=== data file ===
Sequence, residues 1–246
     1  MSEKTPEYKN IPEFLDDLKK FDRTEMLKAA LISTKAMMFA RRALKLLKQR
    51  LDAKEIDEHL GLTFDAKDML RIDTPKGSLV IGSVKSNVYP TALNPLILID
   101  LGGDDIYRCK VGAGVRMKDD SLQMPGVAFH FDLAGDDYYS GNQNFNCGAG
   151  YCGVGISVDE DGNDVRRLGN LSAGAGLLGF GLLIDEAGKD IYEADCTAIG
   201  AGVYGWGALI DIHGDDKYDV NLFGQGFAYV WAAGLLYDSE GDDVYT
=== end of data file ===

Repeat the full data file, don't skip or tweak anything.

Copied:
Sequence, residues 1–246
     1  MSEKTPEYKN IPEFLDDLKK FDRTEMLKAA LISTKAMMFA RRALKLLKQR
    51  LDAKEIDEHL GLTFDAKDML RIDTPKGSLV IGSVKSNVYP TALNPLILID
   101  LGGDDIYRCK VGAGVRMKDD SLQMPGVAFH FDLAGDDYYS GNQNFNCGAG
   151  YCGVGISVDE DGNDVRRLGN LSAGAGLLGF GLLIDEAGKD IYEADCTAIG
   201  AGVYGWGALI DIHGDDKYDV NLFGQGFAYV WAAGLLYDSE GDDVYT